top of page

Letter: They always come in threes…

For the third time in my life, I’ll be a spectator to the impeachment of the President of the United States of America.

I have thoughts on three subjects: the process of impeachment, the history of impeachment, and the politics of impeachment.

I. The Process of Impeachment

The process of impeachment is, on paper, relatively simple. The Founding Fathers created this process to provide a congressional check on executive power. Having lived under the tyranny of King George, they wanted to prevent a president from becoming a tyrant.

Therefore, our Constitution, the law of the land, lists as impeachable offenses, “treason, bribery, or other high crimes and misdemeanors.” They did not specifically define what they meant.

The lack of specific definitions is both good and bad. The good is that, as the Founding Fathers wanted, it left to future generations of informed, intelligent, and reasonable Americans to define what these words mean given our current culture, today’s morals, and our common sense. The bad is that the Founding Fathers assumed that future Americans would be informed, intelligent, and imbued with common sense.

The process calls for various House committees to gather information regarding the president. Practically speaking, six House committees have already started: Judiciary, Oversight, Intelligence, Way and Means, Foreign Affairs, and Financial Services. Some of those investigations are tied up in court because the White House, at the president’s direction, refuses to comply with congressional subpoenas. However, as Nixon discovered, a fight with Congress during an impeachment inquiry is a losing gambit (he refused to turnover White House recordings that included discussions of the Watergate break-in).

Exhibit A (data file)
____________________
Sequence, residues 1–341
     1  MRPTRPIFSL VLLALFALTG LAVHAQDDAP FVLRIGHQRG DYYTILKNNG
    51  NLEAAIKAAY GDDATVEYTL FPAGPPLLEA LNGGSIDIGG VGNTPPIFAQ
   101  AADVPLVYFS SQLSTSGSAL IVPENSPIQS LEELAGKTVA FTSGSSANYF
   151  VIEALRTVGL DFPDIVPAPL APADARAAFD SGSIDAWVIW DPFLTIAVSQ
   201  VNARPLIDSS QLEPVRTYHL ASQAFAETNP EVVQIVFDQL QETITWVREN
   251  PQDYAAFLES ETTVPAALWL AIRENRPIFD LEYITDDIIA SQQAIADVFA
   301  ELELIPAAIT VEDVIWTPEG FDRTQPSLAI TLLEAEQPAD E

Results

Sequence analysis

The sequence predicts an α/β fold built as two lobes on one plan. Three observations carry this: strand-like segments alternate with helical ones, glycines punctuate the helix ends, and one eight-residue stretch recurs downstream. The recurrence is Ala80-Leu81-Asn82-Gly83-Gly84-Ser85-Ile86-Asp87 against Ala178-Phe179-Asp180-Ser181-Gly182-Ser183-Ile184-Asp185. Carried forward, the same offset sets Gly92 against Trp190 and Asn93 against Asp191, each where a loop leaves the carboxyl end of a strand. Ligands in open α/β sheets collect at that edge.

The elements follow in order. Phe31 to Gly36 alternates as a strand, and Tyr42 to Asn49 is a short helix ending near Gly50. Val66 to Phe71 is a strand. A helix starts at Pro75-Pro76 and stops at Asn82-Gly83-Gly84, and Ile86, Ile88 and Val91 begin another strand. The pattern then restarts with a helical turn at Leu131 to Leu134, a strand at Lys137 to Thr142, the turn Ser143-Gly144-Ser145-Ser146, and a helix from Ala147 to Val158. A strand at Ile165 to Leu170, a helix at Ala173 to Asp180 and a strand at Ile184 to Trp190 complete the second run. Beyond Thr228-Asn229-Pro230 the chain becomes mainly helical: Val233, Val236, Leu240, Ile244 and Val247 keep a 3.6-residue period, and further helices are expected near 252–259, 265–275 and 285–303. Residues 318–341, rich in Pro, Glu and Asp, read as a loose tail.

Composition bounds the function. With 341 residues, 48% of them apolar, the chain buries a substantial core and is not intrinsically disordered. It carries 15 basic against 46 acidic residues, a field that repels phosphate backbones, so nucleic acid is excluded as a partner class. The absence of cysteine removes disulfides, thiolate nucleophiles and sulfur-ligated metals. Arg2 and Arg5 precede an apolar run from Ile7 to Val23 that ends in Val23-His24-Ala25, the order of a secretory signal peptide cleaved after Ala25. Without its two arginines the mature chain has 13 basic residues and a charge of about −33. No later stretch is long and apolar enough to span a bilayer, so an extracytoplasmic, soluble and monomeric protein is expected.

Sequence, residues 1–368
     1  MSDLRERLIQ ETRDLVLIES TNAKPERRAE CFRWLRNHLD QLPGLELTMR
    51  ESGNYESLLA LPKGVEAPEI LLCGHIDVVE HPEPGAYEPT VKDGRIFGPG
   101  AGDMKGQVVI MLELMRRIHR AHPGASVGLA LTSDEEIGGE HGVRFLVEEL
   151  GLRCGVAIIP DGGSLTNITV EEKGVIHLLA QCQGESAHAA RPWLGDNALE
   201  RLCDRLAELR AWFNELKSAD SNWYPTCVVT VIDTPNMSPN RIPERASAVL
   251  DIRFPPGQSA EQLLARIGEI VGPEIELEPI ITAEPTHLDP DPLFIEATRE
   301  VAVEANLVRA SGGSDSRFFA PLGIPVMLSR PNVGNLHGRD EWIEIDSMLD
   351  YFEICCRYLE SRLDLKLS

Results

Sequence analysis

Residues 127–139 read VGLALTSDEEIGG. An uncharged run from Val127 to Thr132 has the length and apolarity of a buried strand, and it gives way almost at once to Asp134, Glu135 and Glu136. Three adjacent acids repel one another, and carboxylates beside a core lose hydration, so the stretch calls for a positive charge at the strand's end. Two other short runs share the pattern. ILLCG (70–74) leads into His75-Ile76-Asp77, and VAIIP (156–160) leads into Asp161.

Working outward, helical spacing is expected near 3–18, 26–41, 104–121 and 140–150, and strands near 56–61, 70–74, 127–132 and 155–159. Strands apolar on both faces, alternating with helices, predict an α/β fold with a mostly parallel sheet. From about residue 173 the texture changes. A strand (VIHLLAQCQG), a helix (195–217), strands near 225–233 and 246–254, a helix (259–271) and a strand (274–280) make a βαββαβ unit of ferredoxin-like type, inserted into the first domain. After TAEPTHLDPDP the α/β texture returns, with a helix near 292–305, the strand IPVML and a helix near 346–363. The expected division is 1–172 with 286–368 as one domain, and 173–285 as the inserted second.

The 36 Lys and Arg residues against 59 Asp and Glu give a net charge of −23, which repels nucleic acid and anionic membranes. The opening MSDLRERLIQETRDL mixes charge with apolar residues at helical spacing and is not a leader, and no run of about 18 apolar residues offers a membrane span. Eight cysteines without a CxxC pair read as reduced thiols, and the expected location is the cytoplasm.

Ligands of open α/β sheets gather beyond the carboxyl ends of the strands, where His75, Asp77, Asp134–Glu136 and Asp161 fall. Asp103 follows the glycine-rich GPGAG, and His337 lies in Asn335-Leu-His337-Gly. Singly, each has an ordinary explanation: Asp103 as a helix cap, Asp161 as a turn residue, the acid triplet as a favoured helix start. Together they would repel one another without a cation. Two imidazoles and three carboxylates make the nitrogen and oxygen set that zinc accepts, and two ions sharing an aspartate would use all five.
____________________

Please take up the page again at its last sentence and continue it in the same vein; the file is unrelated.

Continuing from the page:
The congressional committees then turnover the discovered information to the Judiciary Committee. That committee would determine the wording of the Articles of Impeachment, if any, and whether to put the matter to a vote before the entire House of Representatives. Only a simple majority of voting representatives is necessary to move the process to the Senate.

A public trial is held in the Senate and the Chief Justice of the Supreme Court presides over that trial. Sixty-seven senators would have to vote to remove the president from office. This assumes, of course, that Mitch McConnell allows a trial to go forward.

II. The History of Impeachment

Andrew Johnson was our first president to suffer impeachment. He became president when Lincoln died. Ultimately, he was not removed from office.

The House presented eleven articles of impeachment. Most had to do with Johnson’s firing of Secretary of War Stanton and Johnson replacing him with someone else without congressional approval. The likelihood of that being an issue today, regardless of the frequent comings and goings of Trump cabinet members, is slim to none. That’s just a guess on my part.

However, there were two articles of impeachment that may have some relevance today. It was said that Johnson violated his oath of office by being unmindful of the high duties of his office and its dignities and his need to maintain harmonies and courtesies between the executive and legislative branches. The articles specified what he actually said and then accused him, generally, on several occasions of declaring “with a loud voice, certain intemperate, inflammatory and scandalous harangues, and therein utter loud threats and bitter menaces, as well against Congress as the laws of the United States duly enacted thereby, amid cries, jeers and laughter of the multitudes then assembled in hearing”.

Johnson was also accused of blaming Congress and certain named politicians for a race riot in New Orleans. He said that the Radical Congress was responsible for encouraging armed blacks to rebel to disenfranchise white men in Louisiana.

Then there was Richard Nixon. The House committee investigating Nixon’s involvement in the break in at democratic offices in the Watergate Hotel and the cover up of that event recommended to the House that three articles of impeachment be voted on by the full House of Representatives. Those articles were for abuse of power, contempt of Congress (refusing to turn over subpoenaed tapes), and obstruction of justice. Nixon resigned before the full House vote.